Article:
The Huge Windfall That Twitter Is Missing Out On

One simple tweak could bring in tons of revenue for Twitter.

Aug 18, 2014 at 12:00PM

Twitter Hq
Twitter is leaving #money on the @table. Source: Twitter.com.

Twitter's (NYSE:TWTR) 271 million monthly active users are in a minority. The majority of Twitter's audience never logs in, according to CEO Dick Costolo.

On Twitter's latest earnings call, Dick Costolo said: "There are hundreds of millions of additional unique visitors who come to Twitter every month, but don't log in. When you consider the combination of monthly active users and unique visitors, the size of our audience on our owned and operated properties is two to three times that of just our monthly active user base."

What's more, Twitter is catering to this unregistered audience, and is missing out on the huge opportunity of advertising to them. Google (NASDAQ:GOOG) (NASDAQ:GOOGL) doesn't require you to log in before it shows you a bunch of ads in its search results. Why should Twitter?

Twitter might be too accessible
Twitter is actively catering to its unregistered users. Last quarter, the company revamped user profiles to make them more appealing to visitors who don't log in. Costolo added, "We will run experiments and continue to run experiments to improve the overall experience for logged-out unique visitors."

Twitter visitors are able to follow trending topics, hashtags, and use Twitter's search feature to find news or people they're interested in, all without logging in. Comparatively, unless you know exactly what you're looking for on Facebook (NASDAQ:FB), you can't access anything without logging in: no search, no popular news, nothing. This drives Facebook's user base up, while most casual Twitter users who just want to follow a hashtag from their favorite TV show can get by without ever registering.

That's not really a problem, though
The real issue here is that Twitter is catering to an audience that it isn't monetizing. While there are merits to this strategy, it's a missed opportunity.

As mentioned, Google doesn't require users to log in before it starts showing them ads. Certainly, it prefers that web searchers log in so it can target advertisements better; but it still makes money on just about every unique visitor. In the early days of Google, users didn't have accounts. As Google has rolled out or acquired more services, it's increased the number of users with accounts, allowing it to personalize search results and improve ad targeting.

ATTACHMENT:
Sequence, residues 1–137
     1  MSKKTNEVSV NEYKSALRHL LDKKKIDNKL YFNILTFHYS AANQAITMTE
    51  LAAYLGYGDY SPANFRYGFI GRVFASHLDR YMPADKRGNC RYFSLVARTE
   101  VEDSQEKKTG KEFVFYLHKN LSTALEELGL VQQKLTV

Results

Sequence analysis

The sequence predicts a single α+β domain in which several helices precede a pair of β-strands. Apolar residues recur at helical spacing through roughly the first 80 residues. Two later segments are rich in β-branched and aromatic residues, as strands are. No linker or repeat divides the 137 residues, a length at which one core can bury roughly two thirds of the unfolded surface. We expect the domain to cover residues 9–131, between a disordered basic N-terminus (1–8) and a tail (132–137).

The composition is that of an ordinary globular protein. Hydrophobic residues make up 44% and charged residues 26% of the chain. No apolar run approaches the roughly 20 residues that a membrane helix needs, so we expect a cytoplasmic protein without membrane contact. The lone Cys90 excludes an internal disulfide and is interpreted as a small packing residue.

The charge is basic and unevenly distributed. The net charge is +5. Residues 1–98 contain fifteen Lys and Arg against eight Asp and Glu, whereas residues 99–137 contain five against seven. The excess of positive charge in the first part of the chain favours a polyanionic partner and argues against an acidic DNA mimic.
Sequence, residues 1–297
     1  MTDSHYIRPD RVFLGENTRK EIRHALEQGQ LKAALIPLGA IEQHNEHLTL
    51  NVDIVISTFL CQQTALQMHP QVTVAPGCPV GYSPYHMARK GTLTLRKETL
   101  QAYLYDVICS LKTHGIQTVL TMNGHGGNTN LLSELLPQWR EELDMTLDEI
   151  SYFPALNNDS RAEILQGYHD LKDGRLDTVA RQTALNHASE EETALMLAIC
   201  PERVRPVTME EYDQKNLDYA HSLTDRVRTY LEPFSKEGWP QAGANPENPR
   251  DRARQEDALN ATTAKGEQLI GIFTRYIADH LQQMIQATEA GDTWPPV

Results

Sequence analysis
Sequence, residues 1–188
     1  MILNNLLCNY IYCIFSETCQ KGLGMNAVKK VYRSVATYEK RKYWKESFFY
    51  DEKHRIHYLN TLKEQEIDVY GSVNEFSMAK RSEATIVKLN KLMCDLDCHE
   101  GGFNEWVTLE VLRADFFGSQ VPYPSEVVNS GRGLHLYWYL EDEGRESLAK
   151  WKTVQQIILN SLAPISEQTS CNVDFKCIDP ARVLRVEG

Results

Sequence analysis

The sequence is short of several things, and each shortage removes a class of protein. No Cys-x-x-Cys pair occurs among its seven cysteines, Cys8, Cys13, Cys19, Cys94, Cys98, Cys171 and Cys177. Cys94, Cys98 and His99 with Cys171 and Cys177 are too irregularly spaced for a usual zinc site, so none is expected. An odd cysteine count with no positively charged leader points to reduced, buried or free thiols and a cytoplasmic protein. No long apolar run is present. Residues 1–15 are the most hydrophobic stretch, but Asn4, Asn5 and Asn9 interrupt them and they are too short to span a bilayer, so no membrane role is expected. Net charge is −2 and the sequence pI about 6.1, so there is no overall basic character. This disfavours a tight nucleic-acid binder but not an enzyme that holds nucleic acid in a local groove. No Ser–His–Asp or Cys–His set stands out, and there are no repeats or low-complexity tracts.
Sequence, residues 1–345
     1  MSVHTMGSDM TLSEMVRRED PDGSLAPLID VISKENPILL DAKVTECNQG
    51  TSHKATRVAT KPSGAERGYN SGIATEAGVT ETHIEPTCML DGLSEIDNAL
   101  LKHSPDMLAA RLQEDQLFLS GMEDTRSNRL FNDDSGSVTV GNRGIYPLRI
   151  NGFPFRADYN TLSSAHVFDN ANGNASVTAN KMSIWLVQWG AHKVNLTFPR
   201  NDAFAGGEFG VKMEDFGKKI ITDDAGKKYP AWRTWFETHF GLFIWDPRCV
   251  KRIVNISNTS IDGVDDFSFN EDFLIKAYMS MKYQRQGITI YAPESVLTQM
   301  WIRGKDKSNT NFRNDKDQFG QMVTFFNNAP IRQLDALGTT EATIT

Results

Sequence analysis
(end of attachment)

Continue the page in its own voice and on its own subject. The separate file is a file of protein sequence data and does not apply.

Twitter ought to be able to take a page out of Google's book and monetize unregistered visitors. In fact, they're probably easier to monetize than typical timeline viewers for several reasons.

First, visitors who don't log in are using search to find content they're interested in. This is the closest analog to Google, and Twitter can use a similar ad product to allow advertisers to target keywords. For example, someone who's always searching for news on sneakers might be a good target for Foot Locker.

Second, unregistered users are also able to follow hashtags. This is even more targeted than searching, because a hashtag often comes with a specific context. Someone searching for a hashtag from a TV show might see ads from the same companies that advertise during that program.

Finally, these anonymous users are visiting registered users' profiles. It's a safe bet that they have similar interests to the users whose profile they're visiting.

Don't lose focus
Twitter should certainly try to convert visitors into users as much as possible by communicating the benefits of signing up. Currently, you get a message like this: "Not on Twitter? Sign up, tune into the things you care about, and get updates as they happen." There's also a sign-up box that says, "Don't miss any updates from [user x]." These are things people can already do without signing up or logging in, though.

Twitter needs to work on its messaging. Facebook offers users the ability to stay in touch with friends, see their photos, and share what's new by registering. A registered user is worth much more than an unregistered user due to better targeting abilities and stronger engagement.

In the meantime, however, Twitter has an opportunity to easily monetize those visitors who aren't logging in.